Ice continued to cling to the Great Lakes in mid-March, 2014. The Moderate Resolution Imaging Spectroradiometer (MODIS) aboard NASA’s Aqua satellite flew over the region on and captured a false-color image of the icy scene on March 18.
As of March 17, according to the National Oceanic and Atmospheric Administration (NOAA), 82.8 % of the Great Lakes remained ice-covered. That sets a new record high for this late in the season, after 35 years of record keeping. The previous mid-March ice cover high, 75.85% covered, was set on March 15, 1978.
The ice cover peaked this year at 92.2 % on March 6, according to NOAA’s Great Lakes Environmental Research Laboratory (GLERL). That was the second highest peak ice cover ever recorded for the Great Lakes since 1973. The highest cover was recorded in February 1979, when ice laid across 94.7 % of the surface of the Great Lakes.
This false-color image uses a combination of shortwave infrared, near infrared and red (MODIS bands 7,2,1) to help distinguish ice from snow, water and clouds. Open, unfrozen water appears inky blue-black. Ice is pale blue, with thicker ice appearing brighter and thin, melting ice appearing a darker true-blue. Snow appears blue-green. Clouds are white to blue-green, with the colder or icy clouds appearing blue-green to blue. (more)
Welcome to JetStream, the National Weather Service Online Weather School. This site is designed to help educators, emergency managers, or anyone interested in learning about weather and weather safety.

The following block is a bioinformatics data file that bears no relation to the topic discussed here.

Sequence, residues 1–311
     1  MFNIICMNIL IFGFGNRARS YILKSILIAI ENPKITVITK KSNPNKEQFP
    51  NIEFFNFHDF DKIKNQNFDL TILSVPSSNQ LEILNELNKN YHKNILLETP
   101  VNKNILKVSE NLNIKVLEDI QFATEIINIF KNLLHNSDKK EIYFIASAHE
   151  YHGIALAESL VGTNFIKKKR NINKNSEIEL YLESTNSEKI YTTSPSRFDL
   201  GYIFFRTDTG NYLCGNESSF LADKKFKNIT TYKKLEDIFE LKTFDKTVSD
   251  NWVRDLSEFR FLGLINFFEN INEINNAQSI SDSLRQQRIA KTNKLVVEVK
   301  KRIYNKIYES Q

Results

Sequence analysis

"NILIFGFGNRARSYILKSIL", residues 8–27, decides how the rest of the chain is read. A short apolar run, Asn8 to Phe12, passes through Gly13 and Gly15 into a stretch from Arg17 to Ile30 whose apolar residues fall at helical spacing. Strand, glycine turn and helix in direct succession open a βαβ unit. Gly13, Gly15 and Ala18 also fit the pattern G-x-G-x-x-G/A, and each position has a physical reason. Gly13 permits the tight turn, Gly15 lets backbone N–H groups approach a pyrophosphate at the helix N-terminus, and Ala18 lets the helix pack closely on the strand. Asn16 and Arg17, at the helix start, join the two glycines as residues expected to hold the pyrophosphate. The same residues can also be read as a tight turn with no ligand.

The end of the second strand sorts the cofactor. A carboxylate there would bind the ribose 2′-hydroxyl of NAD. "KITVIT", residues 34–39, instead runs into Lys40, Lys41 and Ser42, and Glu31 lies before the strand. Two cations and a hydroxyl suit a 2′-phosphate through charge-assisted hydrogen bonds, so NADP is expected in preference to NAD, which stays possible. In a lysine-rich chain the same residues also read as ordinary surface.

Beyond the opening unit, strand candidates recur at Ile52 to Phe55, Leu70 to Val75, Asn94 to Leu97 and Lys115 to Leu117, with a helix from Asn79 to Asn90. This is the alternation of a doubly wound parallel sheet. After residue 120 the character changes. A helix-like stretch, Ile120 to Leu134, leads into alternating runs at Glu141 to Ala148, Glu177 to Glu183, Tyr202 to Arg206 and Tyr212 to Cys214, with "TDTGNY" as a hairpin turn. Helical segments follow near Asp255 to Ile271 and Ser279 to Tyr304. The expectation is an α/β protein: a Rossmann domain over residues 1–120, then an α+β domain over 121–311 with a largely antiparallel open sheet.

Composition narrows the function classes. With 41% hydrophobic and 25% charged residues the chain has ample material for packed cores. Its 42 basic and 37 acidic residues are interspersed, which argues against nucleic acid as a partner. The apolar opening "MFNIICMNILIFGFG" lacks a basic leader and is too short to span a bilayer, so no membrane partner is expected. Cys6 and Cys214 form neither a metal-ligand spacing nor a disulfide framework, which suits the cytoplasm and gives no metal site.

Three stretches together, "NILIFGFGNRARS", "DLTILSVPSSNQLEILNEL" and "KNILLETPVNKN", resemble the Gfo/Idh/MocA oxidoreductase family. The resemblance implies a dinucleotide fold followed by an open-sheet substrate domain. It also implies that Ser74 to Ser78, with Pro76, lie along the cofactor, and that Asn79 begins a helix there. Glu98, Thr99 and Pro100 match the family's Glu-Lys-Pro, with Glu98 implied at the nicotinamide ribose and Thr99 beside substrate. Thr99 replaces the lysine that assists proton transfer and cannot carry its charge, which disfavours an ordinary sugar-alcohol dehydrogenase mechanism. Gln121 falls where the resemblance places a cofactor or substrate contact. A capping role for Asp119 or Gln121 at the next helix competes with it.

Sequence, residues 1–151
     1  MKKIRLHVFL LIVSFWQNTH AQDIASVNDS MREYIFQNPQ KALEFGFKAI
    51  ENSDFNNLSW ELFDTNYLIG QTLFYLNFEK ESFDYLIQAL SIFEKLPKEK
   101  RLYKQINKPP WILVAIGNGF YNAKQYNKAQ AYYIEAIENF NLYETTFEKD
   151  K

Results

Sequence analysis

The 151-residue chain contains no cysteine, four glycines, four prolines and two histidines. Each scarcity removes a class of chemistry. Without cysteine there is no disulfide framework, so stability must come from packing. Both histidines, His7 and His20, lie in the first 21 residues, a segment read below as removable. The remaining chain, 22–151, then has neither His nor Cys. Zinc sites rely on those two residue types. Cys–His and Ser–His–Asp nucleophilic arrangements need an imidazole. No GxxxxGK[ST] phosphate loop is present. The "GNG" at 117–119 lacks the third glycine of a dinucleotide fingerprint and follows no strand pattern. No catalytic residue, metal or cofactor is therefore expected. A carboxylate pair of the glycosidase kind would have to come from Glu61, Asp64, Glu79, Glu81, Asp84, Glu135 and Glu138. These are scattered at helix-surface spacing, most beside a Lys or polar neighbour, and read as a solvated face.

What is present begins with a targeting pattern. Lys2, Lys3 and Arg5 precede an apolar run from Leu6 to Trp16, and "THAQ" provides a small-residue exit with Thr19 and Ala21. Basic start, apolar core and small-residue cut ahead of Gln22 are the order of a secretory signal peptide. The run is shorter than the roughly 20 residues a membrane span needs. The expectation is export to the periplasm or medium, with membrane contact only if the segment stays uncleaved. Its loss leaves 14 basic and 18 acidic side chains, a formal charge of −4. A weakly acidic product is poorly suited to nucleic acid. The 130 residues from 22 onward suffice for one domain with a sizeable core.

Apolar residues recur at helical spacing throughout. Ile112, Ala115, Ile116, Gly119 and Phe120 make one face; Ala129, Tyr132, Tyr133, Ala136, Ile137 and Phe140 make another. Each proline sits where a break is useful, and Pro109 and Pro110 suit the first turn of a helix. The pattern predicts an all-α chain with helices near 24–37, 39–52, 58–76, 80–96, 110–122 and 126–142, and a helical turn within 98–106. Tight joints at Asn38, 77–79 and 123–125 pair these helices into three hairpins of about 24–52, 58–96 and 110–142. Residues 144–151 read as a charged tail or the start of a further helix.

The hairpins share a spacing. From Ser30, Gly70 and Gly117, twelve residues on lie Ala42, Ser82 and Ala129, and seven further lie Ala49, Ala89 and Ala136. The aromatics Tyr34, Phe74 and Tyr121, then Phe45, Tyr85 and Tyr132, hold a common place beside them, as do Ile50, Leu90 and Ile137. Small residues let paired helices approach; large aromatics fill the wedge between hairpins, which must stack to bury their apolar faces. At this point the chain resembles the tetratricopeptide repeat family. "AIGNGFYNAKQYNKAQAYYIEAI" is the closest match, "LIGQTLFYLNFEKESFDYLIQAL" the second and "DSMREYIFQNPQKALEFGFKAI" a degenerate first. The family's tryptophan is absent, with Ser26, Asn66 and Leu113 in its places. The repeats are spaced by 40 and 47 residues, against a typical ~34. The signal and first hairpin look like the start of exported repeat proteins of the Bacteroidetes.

The information contained in JetStream is arranged by subject; beginning with global and large scale weather patterns followed by lessons on air masses, wind patterns, cloud formations, thunderstorms, lightning, hail, damaging winds, tornados, tropical storms, cyclones and flooding. Interspersed in JetStream are "Learning Lessons" which can be used to enhance the educational experience.
You are free to use the materials in any manner you wish. We welcome your feedback on this project. Your input will greatly assist others in teaching the "hows" and "whys" of weather. Not sure where to begin? Click to see all topics in JetStream in the Topic Matrix. Contact Us:
Steven Cooper Steven.Cooper@noaa.gov
Deputy Regional Director, NWS Southern Region Headquarters, Fort Worth, Texas
Dennis Cain Dennis.Cain@noaa.gov
a.k.a. "Professor Weather", NWS Fort Worth, Texas